Although the needle tube 50 has been described as being separate from the blunt cannula 40, in the preferred embodiment the needle tube 50 is made integral with the blunt cannula 40, either through use of an adhesive or thermosetting resin, or by molding the components together during fabrication. According to the method of the present invention, the needle tube 50 and blunt cannula 40 should be removed from the injection site 20B as a unit. If the needle tube 50 is removed from the blunt cannula 40 before the blunt cannula 40 is removed from the injection site 20B, then blood or fluids may back up through the aligned bores 51A, 51B, and 51C, spilling out through hollow body 42 of the blunt cannula 40. Consequently, it is preferred that the needle tube 50 and blunt cannula 40 be made as an integral, one-piece unit to preclude accidental removal of the needle tube 50 from the blunt cannula 40 prior to removal of the blunt cannula 40 from the injection site 20B.
An alternative embodiment of the intravenous catheter insertion apparatus 10 is shown in FIG. 4, in which the integral catheter-injection site 20 is replaced by an integral catheter 80A and T-connector 80B. The catheter portion 80A is again of conventional design, including a cannula 82 and a hub 84. The T-connector portion 80B is also of conventional design, such as the Baxter InterLink® System T-Connector Extension Set, No. 2N3326. The T-connector 80B includes a hollow, cylindrical body 81 capped by a pre-slit septum 83, a side tube 86 connected to a side port 88 by a length of flexible tubing 90, and fluid flow tube 92 adapted for engaging the hub 84 of a catheter 80B. The septum 83 is flexible and resilient and has a slit defined therein adapted to receive the penetrating tube 46 of a blunt cannula 40. The exterior of the hollow body 81 has a flange 94 adapted for engaging the locking members 49 of the blunt cannula 40. The hollow body 81, fluid flow tube 92, catheter hub 84 and cannula 82 define a bore or first path for the flow of fluid, the first path being capped by the septum 83, which closes to prevent the flow of fluid when the blunt cannula 40 is removed from the septum 83. A second path is defined by the catheter cannula 82 and hub 84, the fluid flow tube 92 and hollow body 81, the side arm 86, flexible tubing 90, and outlet port 80. The outlet port 88 may be capped by a pre-slit injection site (not shown) or other device to block the flow of fluid.
As with the first embodiment described above, the catheter 80A, T-connector 80B, and blunt cannula 40 define a continuous bore through which the needle 52 of a needle tube 50 may be extended in order to perform venipuncture for insertion of the catheter 80A. The catheter 80A and T-connector 80B may be used as discrete components, but in the preferred embodiment, the catheter 80A and T-connector 80B will be formed as an integral component, either through being permanently joined by an adhesive or thermosetting resin, or by being molded as an integral unit during fabrication.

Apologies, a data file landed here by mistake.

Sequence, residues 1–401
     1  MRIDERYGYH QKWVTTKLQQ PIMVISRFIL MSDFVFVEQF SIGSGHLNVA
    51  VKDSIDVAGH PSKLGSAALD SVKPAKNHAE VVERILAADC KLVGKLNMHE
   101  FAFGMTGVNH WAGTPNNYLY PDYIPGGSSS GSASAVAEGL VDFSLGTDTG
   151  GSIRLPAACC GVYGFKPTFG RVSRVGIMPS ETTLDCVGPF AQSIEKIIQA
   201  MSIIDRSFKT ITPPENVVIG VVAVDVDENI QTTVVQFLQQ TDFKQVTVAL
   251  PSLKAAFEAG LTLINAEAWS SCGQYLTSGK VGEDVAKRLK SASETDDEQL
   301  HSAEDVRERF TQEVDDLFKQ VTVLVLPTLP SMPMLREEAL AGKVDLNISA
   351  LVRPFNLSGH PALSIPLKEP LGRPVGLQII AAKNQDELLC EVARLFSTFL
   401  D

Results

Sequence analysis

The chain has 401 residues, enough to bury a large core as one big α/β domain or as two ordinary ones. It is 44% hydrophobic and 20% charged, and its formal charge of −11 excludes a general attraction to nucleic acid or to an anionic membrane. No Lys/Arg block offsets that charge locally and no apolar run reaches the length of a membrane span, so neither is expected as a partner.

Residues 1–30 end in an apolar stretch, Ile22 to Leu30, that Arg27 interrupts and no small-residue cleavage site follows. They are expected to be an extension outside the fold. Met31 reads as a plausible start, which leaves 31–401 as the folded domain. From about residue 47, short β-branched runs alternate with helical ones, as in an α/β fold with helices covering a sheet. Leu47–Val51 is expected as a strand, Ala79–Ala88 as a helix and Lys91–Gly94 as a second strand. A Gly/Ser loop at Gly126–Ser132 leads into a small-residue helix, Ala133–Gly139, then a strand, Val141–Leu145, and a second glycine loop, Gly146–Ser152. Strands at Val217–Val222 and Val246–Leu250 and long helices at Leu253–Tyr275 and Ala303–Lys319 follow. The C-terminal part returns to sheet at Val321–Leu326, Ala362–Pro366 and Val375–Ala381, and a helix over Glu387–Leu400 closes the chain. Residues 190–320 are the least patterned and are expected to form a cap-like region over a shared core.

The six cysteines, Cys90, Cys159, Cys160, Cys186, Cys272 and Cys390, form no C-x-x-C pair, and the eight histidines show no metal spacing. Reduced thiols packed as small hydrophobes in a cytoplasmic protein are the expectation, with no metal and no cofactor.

The method of using the intravenous catheter insertion apparatus according to the present invention includes the steps of: (1) selecting a pre-slit injection site-catheter 20 combination; (2) inserting a blunt cannula 40 into the pre-slit injection site 20B; (3) extending the needle 52 of a locking needle tube 50 assembly through the bore defined by the blunt cannula-injection site-catheter combination so that the tip of the needle 52 projects beyond the end of the catheter 20A (it will be noted that this step may be performed by the manufacturer or distributor of the insertion apparatus 10, the apparatus 10 being distributed as a pre-assembled unit ready for use); (4) performing a venipuncture procedure in order to insert the catheter 20A into a vein of a patient; (5) removing the needle 52 from the apparatus 10; (6) locking the needle 52 in order to prevent a needle puncture wound; and (8) removing the blunt cannula 40 from the injection site 20B.
It will be understood that although a locking needle tube has been described, other devices with an extended needle or stylus may be used to penetrate the patient's skin during the venipuncture. It will also be understood that although a preferred combination of blunt cannula and pre-slit injection site have been described, blunt cannulae and injection sites having different configurations may be used provided they provide a continuous bore capable of receiving an extended needle for performing a venipuncture procedure in combination with a catheter, and provided the injection site has a resilient cap to prevent the back flow of blood with the blunt cannula removed.
It is to be understood that the present invention is not limited to the sole embodiments described above, but encompasses any and all embodiments within the scope of the following claims.
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|WO2004060466A1||Dec 22, 2003||Jul 22, 2004||Alaris Medical Systems, Inc.||Safety catheter system and method|
|WO2006082607A1 *||Jan 18, 2006||Aug 10, 2006||Medi-Line Srl||Medical device for two-way infusion|
|WO2011162866A1 *||Apr 25, 2011||Dec 29, 2011||Smiths Medical Asd, Inc.||Catheter assembly with seal member|
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|International Classification||A61M25/06, A61M39/04|
|Cooperative Classification||A61M25/0631, A61M39/045, A61M25/0606|
|European Classification||A61M25/06D2, A61M25/06C|
|Dec 9, 2002||AS||Assignment|
Owner name: ALARIS MEDICAL SYSTEMS, INC., CALIFORNIA
Free format text: ASSIGNMENT OF ASSIGNORS INTEREST;ASSIGNOR:FULWIDER PATTON LEE & UTECHT, LLP;REEL/FRAME:013552/0182
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Owner name: FULWIDER PATTON LEE & UTECHT, LLP, CALIFORNIA
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|Jan 13, 2004||AS||Assignment|
Owner name: ALARIS MEDICAL SYSTEMS, INC., CALIFORNIA
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|Oct 12, 2004||FPAY||Fee payment|
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|Jan 13, 2006||AS||Assignment|